CHINA / National

China becomes major education, employment destination
Updated: 2006-06-12 08:55

Figures released by the Chinese government departments have shown China is becoming one of the world's most popular education and employment destinations.

Statistics released by the Ministry of Education showed that in 2005, 141,000 overseas students came to China to study, up 27.28 percent from the previous year, with 86,679 studying Mandarin (Putonghua).

"The year 2005 saw China attracting the largest number of overseas students since the People's Republic of China was founded in 1949, thanks to the country's stable political environment, rapid economic growth and growing international influence," said Zhang Xiuqin, secretary-general of the China Scholarship Council.

Hong Changwoo, a student of Beijing Language and Culture University from the Republic of Korea (ROK), told Xinhua that a large number of young people in the ROK are keen on studying Mandarin, as more and more companies in the ROK require their employees to speak Chinese.

Zhang said the residential environment, education quality and medical and social insurance provided by Chinese higher learning institutes for overseas students all reached international standards. Meanwhile, China's tuition fees for overseas students are much lower than those in most other countries.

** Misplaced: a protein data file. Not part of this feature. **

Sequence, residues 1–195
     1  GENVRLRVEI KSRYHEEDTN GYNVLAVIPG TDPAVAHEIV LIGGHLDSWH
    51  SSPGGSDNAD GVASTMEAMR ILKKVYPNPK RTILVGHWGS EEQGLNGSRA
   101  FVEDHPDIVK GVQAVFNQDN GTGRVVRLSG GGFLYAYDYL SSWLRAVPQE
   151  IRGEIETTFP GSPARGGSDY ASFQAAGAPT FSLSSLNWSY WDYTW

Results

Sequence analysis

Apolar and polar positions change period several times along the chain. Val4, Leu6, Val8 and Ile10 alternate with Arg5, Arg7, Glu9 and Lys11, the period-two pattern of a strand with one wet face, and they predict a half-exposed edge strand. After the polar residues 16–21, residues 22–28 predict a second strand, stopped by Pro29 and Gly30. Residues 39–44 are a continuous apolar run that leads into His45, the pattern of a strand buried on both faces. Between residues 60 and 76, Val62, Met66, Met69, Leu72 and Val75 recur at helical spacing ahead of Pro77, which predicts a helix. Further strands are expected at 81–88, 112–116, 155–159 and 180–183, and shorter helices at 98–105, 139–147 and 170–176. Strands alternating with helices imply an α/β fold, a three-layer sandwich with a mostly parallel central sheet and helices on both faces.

Statistics from the Ministry of Education showed that from 1950 to 2005, China received a total of 884,315 overseas students.

But Zhang acknowledged that problems still exist. The Chinese government has approved in principle overseas students applying for part-time jobs in China but there are no regulations on how many hours an overseas student can work a day and what kinds of vocations or industries are open for overseas students to work in.

Meanwhile, statistics from the Ministry of Labor and Social Security showed that by the end of 2005, more than 150,000 overseas employees had registered to work in China. 70 percent of them worked in foreign-invested companies and they are mostly from Japan, Republic of Korea, Singapore, the United States and European countries.

"The Chinese government encourages foreigners with special technological, managerial skills that China is currently short of to work in China," said Wang Yadong, deputy director of the Employment Training Department of the Ministry of Labor and Social Security.

According to the ministry, a majority of the foreigners work in hi-tech, communication, and financing industries. There are more than 500 multinational companies in Shanghai, with more than 40,000 foreign talents.

Kritian Kender, a business partner of a media research company in China who has been working here for more than ten years said there were no interesting jobs back in the United States when he graduated.

"It's not very difficult for foreigners to find jobs in China," he said, noting that to have an interesting job is more difficult and even more difficult to start business because the procedure is quite time consuming and complicated.

China issued a "green card" policy in 2004 for foreigner to have long-term residence and work. By the end of September last year, 649 foreigners from 33 countries including the United States, Canada, Singapore, Japan and Australia had been granted permanent residence in China.